''Who do you think you are?'' The tense story of how Jonathan Harris got cast on Lost in Space
Jonathan Harris on meeting Irwin Allen: "I was already terrified."
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"Who do you think you are?" is a very appropriate question for the stowaway Dr. Smith, who gets the Robinson family stranded in the 1960s series Lost in Space. But before the actor who would take on the role of Dr. Smith could even accept the part, that question was already coming at Jonathan Harris from the series creator himself, Irwin Allen.
Harris told the story of this tense exchange between the director and star to the Archive of American Television. He said his agent called him up in 1962 and this is how he remembered the conversation going:
Harris' agent: "Irwin Allen is doing a television series at 20th Century Fox."
Jonathan Harris: "Who is Irwin Allen?"
Agent: "You don't know?"
Harris: "No, I don't."
Agent: "Lost in Space is the name. And he wants to see film on you."
Harris: "Well, tell Mr. Allen that I hesitate to show film unless I know what the part is."
Agent: "Oh, well. He's not going to like that."
Harris' agent was right. Allen did not like that. Harris said his phone rang 10 minutes later with this message from the famous director, "Irwin Allen wants to know who you think you are. And he'll see you at 4 o'clock."
"Isn't that interesting?" Harris muses, remembering this moment. But he wasn't laughing back then. No, Harris described the moment he met Allen for the first time as genuinely terrifying. "I got myself gussied up and I went to 20th Century Fox, which is my favorite movie studio because that was my first series, at Fox. And they directed me to his office and there was a secretary. Her name was Margaret and she said, ‘In there.’ So I walked in there and there was this strange-looking man sitting at a huge table, surrounded by about 20 yes men. I was already terrified. I hadn’t opened my mouth, except I did say, ‘Good afternoon.’"
Instantly, Harris said, Allen raised his finger and repeated his question in person, "Who do you think you are? No film?" Harris responded and even decades later in the interview, you can almost see the actor squirm like Dr. Smith, "Well, Mr. Allen, why would you want to see possibly the wrong film when you can see the real thing? Me?"
That's when Allen turned to his assistant and said, "What did he say?" And his assistant repeated Harris' answer. Allen then directed a new question at Harris, "Do you want to be in this series?" Harris could only answer honestly: "I don’t know? I haven’t read a script." The director roared at the men gathered around him, "Somebody give him a script!"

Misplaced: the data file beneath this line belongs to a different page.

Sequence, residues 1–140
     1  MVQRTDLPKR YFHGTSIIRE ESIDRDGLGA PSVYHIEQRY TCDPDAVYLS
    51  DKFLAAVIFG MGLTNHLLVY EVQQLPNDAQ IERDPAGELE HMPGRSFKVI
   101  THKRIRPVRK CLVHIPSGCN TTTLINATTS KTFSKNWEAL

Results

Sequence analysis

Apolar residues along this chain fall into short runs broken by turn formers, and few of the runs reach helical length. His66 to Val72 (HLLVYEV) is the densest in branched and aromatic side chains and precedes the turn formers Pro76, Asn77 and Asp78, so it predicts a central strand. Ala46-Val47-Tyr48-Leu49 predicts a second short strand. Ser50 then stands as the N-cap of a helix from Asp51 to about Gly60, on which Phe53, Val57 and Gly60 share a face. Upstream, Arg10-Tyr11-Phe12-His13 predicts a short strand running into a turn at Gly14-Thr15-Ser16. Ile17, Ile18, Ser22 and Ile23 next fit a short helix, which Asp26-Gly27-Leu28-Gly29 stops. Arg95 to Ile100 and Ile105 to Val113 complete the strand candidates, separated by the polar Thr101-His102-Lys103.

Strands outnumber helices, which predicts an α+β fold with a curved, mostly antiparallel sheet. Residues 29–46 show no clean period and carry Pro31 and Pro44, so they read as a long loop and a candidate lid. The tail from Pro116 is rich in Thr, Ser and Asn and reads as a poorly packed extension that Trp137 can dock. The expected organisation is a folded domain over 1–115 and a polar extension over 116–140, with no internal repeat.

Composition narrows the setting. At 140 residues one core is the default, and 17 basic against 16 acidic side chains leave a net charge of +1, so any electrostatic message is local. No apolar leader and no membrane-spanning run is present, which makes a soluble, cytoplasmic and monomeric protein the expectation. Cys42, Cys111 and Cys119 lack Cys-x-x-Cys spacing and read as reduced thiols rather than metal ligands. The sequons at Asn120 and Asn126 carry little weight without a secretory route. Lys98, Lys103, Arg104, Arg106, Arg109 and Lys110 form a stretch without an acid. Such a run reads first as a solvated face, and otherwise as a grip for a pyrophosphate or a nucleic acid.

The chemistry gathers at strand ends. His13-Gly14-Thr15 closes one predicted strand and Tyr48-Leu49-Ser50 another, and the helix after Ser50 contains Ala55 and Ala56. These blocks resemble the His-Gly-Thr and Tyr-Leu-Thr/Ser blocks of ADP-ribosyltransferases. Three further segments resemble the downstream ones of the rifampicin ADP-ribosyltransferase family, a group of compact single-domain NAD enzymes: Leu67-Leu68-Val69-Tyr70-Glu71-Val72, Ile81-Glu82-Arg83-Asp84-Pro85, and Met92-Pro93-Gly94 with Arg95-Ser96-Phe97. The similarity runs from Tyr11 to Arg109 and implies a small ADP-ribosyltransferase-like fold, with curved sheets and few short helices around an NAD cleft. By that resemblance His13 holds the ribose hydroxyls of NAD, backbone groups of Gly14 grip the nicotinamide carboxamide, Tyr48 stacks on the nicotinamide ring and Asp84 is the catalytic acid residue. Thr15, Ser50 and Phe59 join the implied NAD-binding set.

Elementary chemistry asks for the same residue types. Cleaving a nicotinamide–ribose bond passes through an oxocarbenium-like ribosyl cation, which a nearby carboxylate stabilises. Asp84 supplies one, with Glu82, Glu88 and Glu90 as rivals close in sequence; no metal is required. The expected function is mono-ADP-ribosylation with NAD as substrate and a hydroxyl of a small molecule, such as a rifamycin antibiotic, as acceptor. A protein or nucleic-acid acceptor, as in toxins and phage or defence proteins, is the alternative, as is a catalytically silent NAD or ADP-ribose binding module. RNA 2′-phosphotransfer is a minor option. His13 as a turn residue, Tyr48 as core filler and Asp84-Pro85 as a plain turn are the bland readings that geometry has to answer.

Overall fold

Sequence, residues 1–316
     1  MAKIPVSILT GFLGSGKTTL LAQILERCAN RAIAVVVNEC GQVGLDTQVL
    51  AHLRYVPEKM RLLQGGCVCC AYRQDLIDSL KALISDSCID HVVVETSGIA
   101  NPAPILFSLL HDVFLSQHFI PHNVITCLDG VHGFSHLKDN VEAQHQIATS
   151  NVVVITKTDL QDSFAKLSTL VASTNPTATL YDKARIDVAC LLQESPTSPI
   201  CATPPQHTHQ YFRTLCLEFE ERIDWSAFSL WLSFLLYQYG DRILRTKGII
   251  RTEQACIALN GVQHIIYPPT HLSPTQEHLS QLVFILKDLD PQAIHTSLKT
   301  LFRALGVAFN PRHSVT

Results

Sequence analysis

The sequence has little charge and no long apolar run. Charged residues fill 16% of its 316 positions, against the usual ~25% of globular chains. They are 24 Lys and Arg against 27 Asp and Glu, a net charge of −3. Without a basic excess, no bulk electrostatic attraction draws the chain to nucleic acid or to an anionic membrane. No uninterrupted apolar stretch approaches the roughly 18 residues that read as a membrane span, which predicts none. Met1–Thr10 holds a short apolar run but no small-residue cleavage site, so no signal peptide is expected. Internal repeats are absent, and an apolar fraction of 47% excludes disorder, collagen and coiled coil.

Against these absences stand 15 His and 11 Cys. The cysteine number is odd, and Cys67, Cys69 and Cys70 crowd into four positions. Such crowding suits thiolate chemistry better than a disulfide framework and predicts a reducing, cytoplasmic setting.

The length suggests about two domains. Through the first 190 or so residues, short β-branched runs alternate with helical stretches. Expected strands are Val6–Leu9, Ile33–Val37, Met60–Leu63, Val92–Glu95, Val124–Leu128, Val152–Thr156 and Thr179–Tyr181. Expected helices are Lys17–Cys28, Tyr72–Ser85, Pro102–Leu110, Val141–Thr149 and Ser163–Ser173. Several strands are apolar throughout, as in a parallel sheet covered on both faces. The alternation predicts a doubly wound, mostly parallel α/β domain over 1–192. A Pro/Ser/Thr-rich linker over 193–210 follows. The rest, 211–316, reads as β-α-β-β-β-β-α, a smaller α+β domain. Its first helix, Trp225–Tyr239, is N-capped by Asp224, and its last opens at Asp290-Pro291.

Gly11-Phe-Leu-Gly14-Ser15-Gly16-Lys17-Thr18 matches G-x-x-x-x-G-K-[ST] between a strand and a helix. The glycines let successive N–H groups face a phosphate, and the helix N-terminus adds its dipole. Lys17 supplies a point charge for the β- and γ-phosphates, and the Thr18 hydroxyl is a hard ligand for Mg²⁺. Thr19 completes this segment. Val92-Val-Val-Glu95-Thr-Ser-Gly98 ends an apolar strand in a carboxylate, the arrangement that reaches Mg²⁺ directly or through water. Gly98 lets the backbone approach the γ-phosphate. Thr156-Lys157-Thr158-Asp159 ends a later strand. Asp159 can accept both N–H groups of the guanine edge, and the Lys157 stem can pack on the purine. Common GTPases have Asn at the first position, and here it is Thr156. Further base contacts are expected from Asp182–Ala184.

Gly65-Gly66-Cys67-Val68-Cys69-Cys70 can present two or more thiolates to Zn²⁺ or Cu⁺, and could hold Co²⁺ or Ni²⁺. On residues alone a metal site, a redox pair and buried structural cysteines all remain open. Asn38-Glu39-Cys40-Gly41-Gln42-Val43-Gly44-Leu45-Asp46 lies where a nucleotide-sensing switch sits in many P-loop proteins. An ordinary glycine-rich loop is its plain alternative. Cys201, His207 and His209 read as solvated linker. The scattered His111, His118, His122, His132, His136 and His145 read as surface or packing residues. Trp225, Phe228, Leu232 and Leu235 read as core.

But there was something else the director and his soon-to-be star needed to discuss, apart from exactly what the role was, and that was exactly what billing Harris could expect on the show. Allen told him firmly, the pilot had been shot, the contracts had been signed and the billing was already assigned. That meant Harris would by default be listed last. Already intimidated but refusing to back down at this stage in his career, Harris said he mustered the gumption to tell the director, "I’m afraid I would not be comfortable."
That's when Harris remembered Allen got frustrated and said he was too busy to be working on this sort of problem. Harris remembered Allen left with this final order, "Somebody make him comfortable!" and then he told Harris to go home, read the scripts, and if he wanted to solve the billing problem, the actor should do it himself. Harris said in the interview, "In my whole career, I never experienced anything like that! I went home. I read the scripts. Two, they had given me. … And I thought, this is good. This is going to work. And it’s a marvelous part, this villain."
Motivated to figure out how to make himself comfortable with the billing of the show, Harris next called a good friend who he said thankfully was one of the top casting directors around at the time. The casting director gave Harris the inside scoop he needed. Harris asked if anyone had ever been given the billing of "special guest star" for a recurring role on a TV show. The casting director told Harris, "I've never seen anything like that." This gave Harris enough assurance to go back to Allen to propose his compromise, so he called the director up right away. This is how that call went down:
Harris: "I’ve solved your billing problem."
Allen: "I’m busy, I’m busy."
Harris: "I will accept last billing, Special Guest Star Jonathan Harris, every week."
On the other side of the line, Harris remembered a lot of protesting. He said Allen went "on and on and on" and then suddenly, the director said, "Okay!" and hung up. At this moment in the interview, Harris let out a great big laugh and said of this victory over the very particular TV and movie director, "I laughed for about a week."
In the interview, Harris goes on to explain that although he found Allen to be quite "humorless," he also had great respect for the director, saying, "The day that I was hired [for Lost in Space] was by a very talented man named Irwin Allen." And in the end, you could also say that Allen had the same respect for Harris, conceding to give the actor the unusual billing he requested and allowing Harris the opportunity to sneak in a new way to stand out on this famous TV cast.